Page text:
Nevertheless, no matter how resistant they might be, according to the rules first established by Thomas Jefferson 200 years ago, once a state legislature adopts a resolution calling for impeachment to get going, there has to be a debate on it in the House of Representatives.

We list four serious reasons in our resolution for asking Congress to open an investigation. We don’t demand impeachment based on our allegations; we demand an investigation into them … an investigation which could produce an impeachment.

In effect, we are saying there’s so much smoke pouring out of the White House, someone ought to darn well take a look at the possibility of a fire.

Listen to these four charges and then you decide if they don’t cry out for action:

1) Bush and Cheney deliberately misled the American people to get us to agree to invade Iraq.

2) Bush and Cheney have, under the guise of fighting “terror,” deliberately violated the Bill of Rights, especially by authorizing surveillance by wiretap without bothering with the established legal niceties.

3) Bush and Cheney have, in blatant disregard for the Geneva Conventions or American tradition, authorized torture of political prisoners. Our government. Torture. Unbelievable.

4) Bush and Cheney have without justification done away with habeas corpus and are holding hundreds of persons without charges and without usual Constitutional protections in American prisons here and in Cuba, some for as long as four years.

Any one of those charges ought to have forced Congress to act long ago. But they haven’t, so we at the state legislative level have to jump in and prod them into action.

We have to because we know what has been going on. If we avert our eyes; if we stand by silently while this bunch propels us into yet another war, this one with Iran; if we don’t even try to stop them, then we are complicit in their awful deeds.

Going the Wrong Way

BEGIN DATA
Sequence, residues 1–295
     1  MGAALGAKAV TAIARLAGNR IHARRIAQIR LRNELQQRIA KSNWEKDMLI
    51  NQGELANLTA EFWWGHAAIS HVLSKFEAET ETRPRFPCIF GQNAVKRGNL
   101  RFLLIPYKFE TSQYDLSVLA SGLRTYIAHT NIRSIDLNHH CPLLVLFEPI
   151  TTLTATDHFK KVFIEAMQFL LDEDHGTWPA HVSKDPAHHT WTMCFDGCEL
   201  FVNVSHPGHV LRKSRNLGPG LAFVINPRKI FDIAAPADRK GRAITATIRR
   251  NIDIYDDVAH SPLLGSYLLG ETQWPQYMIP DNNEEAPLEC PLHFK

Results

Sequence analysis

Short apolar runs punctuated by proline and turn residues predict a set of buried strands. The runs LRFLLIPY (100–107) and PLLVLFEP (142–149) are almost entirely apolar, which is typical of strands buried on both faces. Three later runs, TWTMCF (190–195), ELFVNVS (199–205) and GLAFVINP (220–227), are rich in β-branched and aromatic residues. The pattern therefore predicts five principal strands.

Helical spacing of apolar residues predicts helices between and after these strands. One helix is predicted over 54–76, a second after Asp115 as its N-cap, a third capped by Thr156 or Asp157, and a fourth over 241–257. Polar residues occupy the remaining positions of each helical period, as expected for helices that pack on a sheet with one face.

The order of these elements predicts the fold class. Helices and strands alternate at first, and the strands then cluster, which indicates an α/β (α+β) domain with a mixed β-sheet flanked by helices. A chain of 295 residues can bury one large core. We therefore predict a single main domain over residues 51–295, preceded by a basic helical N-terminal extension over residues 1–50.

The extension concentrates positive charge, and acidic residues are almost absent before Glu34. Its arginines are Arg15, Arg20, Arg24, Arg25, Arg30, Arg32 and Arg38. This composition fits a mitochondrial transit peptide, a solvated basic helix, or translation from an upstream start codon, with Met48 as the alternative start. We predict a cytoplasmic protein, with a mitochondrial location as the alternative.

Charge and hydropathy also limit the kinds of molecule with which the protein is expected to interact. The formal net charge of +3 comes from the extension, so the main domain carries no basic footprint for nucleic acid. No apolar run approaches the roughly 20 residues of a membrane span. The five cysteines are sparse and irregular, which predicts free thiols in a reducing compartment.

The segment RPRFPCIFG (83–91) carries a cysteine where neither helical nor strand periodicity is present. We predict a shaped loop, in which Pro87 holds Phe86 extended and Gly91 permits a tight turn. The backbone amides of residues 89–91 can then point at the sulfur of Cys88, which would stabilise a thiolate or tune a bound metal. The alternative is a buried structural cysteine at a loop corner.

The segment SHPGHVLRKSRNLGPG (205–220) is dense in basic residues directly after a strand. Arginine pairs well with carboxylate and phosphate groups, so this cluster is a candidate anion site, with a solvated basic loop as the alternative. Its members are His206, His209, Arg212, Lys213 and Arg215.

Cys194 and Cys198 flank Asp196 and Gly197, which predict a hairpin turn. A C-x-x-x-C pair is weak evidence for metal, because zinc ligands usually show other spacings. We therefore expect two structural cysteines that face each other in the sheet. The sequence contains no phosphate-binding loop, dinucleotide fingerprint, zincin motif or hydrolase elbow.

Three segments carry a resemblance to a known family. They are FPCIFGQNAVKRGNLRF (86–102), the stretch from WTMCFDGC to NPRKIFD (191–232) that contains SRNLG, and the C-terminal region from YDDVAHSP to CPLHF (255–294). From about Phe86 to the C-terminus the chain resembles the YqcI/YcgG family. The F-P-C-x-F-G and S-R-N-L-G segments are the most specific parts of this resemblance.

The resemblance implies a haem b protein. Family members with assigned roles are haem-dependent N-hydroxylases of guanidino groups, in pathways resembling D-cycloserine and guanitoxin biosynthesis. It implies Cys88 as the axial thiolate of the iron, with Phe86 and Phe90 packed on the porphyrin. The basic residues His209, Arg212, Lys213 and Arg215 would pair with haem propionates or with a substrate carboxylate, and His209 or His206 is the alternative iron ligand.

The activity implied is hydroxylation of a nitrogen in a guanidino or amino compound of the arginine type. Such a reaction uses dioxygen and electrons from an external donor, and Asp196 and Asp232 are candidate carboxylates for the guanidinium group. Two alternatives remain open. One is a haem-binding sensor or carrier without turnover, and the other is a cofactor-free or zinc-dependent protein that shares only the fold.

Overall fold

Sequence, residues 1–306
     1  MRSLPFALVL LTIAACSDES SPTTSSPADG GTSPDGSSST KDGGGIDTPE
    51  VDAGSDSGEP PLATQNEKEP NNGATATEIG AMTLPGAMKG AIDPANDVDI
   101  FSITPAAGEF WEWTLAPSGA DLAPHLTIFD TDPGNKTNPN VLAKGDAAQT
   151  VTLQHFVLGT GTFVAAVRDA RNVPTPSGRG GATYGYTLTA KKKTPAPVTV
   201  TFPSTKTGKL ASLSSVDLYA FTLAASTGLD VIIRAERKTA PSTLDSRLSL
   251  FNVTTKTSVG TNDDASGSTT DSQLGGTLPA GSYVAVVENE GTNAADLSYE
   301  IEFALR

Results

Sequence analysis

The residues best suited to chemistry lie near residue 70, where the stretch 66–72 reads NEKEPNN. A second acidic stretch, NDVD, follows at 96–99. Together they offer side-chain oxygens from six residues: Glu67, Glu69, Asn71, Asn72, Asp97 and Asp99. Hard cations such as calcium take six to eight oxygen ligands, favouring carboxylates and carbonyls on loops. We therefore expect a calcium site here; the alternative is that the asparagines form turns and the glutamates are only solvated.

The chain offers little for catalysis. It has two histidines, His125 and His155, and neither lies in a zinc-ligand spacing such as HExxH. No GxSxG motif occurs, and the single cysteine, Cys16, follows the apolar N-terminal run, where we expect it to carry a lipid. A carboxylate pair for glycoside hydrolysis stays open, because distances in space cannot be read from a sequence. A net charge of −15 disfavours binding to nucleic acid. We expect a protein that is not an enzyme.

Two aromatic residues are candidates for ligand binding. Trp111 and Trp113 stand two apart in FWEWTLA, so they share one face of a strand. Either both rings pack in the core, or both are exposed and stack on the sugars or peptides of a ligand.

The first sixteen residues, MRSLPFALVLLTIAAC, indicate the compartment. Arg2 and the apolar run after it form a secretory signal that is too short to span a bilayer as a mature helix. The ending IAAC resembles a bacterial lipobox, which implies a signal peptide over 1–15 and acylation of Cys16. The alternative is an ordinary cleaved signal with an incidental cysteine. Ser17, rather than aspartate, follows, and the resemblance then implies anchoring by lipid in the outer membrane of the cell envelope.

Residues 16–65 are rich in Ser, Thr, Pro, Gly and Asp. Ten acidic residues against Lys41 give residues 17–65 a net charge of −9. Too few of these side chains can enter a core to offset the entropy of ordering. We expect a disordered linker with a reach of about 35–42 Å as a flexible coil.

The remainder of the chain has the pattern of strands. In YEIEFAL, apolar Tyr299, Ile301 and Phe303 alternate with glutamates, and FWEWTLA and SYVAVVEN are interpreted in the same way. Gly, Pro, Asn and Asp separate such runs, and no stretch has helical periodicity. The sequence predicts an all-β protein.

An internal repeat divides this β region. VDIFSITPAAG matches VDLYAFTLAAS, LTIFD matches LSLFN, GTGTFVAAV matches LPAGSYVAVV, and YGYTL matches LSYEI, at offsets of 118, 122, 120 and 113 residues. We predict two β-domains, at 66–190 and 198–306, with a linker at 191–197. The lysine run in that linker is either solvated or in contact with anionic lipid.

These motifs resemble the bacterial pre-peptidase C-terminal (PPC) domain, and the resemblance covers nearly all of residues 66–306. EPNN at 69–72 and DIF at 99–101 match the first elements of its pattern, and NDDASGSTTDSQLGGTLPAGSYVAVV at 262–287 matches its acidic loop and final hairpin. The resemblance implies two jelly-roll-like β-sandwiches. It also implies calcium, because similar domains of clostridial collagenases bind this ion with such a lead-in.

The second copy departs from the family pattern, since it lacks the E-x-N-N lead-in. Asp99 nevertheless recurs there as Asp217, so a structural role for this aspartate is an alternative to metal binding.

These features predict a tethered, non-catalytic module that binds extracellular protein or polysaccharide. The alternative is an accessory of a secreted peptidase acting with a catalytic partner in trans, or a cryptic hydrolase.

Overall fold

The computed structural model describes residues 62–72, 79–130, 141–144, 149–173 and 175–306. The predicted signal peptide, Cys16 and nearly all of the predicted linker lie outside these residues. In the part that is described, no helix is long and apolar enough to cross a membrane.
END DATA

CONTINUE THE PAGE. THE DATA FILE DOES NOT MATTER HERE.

Why the Impeachment Resolution is a waste of our time

It is alleged that having the New Mexico Legislature weigh in regarding impeachment of both the president and vice-president of the United States is an issue of prime importance to the people of New Mexico. I don't believe this to be the case.

When we first heard that this issue would be presented in this Legislative Session, I expected some kind of new information would be forthcoming, that some serious academic investigation had taken place revealing high crimes and misdemeanors previously unknown. Senate Joint Resolution 5, however, provided nothing new—nothing beyond the typical Michael Moore- or George Soros-styled attacks we have heard for the past five years.

Some might say, "Let it go, it's harmless, don't worry about it." After all, it at least serves as a cathartic or a kind of release of tension for the most rabid of the Bush haters. That, in and of itself, the thinking goes, serves its own purpose. While I understand that point of view—providing for a kind of a paean to the hard left and the demagogues—I can't accept that indulging this kind of thing is ultimately harmless. In fact, it is very detrimental, not just to the commonweal, but in the signal it sends to so many in America, especially our young people and, of course, to those abroad.